The search for extraterrestrial life, especially sentient beings, gets a big boost every time astronomers find new planets. The more planets found, the more chances of finding an extraterrestrial "footprint," or signs that the planet may be inhabited. With telescopes like Kepler scanning the skies from space and the additional range and power afforded scientists through interferometry (the linking of radio telescopes to form one large telescope), the number of planets that scientists can study has been increasing rapidly over the past few years. On September 12, the European Southern Observatory (ESO) announced the discovery of more than fifty exoplanets, 16 of which are super-Earths, rocky planets like our own that are as massive as ten times the Earth's size. And one of those planets is located in the "Goldilocks Zone."
The historic find, the most super-Earths ever announced in a single discovery, is the result of two years of work using HARPS (High Accuracy Radial Velocity Planet Searcher, or HARPS), ESO's major planet hunter located at La Silla Observatory in Chile. Even more exciting for astronomers and astrobiologists was that one of the super-Earths was a candidate for Earth-like conditions and possible habitability. That planet, HD 85512 b, which is about 35 light years from Earth in the constellation Vela, orbits the star HD 85512 just on the inside of its habitable -- or "Goldilocks" -- zone, scientists believe, and just might support life.
And it is indeed a super-Earth, measuring 3.6 times the size of our own world, according to Space.com. It has a surface temperature of 77 degrees Fahrenheit and just might present with the right conditions for water to form, therefore making it able to harbor life.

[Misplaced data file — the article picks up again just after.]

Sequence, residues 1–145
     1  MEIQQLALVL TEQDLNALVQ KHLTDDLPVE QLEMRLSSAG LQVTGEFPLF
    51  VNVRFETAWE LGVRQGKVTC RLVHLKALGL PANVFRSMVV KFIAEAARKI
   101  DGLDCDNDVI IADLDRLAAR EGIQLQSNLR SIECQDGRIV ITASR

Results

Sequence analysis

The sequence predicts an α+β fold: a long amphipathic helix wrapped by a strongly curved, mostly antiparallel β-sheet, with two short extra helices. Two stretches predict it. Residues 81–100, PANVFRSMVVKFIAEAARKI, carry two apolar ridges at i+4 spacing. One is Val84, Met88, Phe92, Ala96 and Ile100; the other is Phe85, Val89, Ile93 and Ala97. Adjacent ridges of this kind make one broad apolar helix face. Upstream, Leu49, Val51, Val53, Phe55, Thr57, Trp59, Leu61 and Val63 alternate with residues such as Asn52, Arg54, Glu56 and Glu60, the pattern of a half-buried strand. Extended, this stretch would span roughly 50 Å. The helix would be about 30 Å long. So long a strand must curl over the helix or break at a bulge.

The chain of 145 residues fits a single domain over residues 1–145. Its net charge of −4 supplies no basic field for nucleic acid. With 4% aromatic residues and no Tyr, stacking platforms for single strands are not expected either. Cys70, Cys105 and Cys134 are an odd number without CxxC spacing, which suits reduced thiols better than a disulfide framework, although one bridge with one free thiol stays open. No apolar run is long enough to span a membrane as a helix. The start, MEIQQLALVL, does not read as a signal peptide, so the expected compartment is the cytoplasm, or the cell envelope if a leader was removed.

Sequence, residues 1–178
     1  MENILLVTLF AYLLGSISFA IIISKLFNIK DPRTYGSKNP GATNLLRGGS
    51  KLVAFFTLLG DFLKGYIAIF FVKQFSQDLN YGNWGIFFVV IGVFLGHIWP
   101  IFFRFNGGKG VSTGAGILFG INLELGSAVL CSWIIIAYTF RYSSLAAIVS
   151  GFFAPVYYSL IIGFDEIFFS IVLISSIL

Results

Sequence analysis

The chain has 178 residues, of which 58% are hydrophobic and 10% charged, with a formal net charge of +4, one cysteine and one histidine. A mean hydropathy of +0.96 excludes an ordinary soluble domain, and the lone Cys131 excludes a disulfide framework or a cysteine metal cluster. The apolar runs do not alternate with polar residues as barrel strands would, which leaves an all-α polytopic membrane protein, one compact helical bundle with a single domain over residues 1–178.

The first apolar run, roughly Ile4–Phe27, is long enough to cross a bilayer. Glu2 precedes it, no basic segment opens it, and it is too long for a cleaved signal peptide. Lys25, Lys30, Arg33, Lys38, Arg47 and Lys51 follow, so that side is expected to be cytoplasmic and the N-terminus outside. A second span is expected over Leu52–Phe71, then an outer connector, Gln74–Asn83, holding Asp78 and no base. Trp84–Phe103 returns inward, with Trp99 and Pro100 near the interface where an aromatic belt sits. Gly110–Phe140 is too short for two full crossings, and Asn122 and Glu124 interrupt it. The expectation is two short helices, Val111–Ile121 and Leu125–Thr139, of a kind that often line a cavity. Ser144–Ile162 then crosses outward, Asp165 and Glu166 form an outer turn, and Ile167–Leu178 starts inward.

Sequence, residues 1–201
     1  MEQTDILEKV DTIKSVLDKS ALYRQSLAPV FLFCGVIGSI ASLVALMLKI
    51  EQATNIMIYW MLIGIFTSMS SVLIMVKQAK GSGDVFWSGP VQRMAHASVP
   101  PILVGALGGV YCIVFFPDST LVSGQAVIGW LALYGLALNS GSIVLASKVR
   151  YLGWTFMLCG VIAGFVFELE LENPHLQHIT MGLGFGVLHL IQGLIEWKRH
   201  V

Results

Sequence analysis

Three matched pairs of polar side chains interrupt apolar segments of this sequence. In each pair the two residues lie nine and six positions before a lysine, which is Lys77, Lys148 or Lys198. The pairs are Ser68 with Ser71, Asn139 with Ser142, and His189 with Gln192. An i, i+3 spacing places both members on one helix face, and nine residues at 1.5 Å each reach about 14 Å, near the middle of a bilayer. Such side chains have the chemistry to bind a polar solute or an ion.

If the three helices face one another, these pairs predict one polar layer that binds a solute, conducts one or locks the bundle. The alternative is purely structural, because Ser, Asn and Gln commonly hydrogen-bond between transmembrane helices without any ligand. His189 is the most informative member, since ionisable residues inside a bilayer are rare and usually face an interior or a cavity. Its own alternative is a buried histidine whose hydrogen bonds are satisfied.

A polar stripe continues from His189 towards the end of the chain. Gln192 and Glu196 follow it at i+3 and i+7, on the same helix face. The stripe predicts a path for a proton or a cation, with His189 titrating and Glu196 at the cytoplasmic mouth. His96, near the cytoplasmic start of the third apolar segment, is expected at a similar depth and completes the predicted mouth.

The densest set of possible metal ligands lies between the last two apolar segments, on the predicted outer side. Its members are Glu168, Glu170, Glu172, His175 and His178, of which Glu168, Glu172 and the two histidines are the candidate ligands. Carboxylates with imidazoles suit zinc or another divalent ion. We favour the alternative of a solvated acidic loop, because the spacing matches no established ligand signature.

Michel Mayor, leader of the HARPS team, said in a statement: "In the coming 10 to 20 years we should have the first list of potentially habitable planets in the Sun's neighbourhood. Making such a list is essential before future experiments can search for possible spectroscopic signatures of life in the exoplanet atmospheres."
But that is life as we understand it. Given the complexity of life on our own planet, where creatures and microorganisms live in the most exotic locations, it is difficult to say which planets may or may not be habitable. Although scientists limit searches for extraterrestrial life to planets like our own when assessing for habitability (call it "species bias"), it is quite possible that alien life -- including intelligent alien life -- might exist on worlds with atmospheres of methane. Or without water, for that matter.
But the present search parameters are geared toward finding exoplanets that resemble Earth-like conditions as closely as possible in the hope that such favorable conditions as spawned life here did so on some far-flung alien world as well.
At present, counting the more than 50 new planets, there are over 600 planets to study. NASA lists 564 confirmed worlds on their PlanetQuest website (which currently excludes the newly announced ESO batch). It should also be noted that there are over 1,200 exoplanet candidates that have been identified by NASA's Kepler mission.
(photo credit: Frank Lewecke, Creative Commons)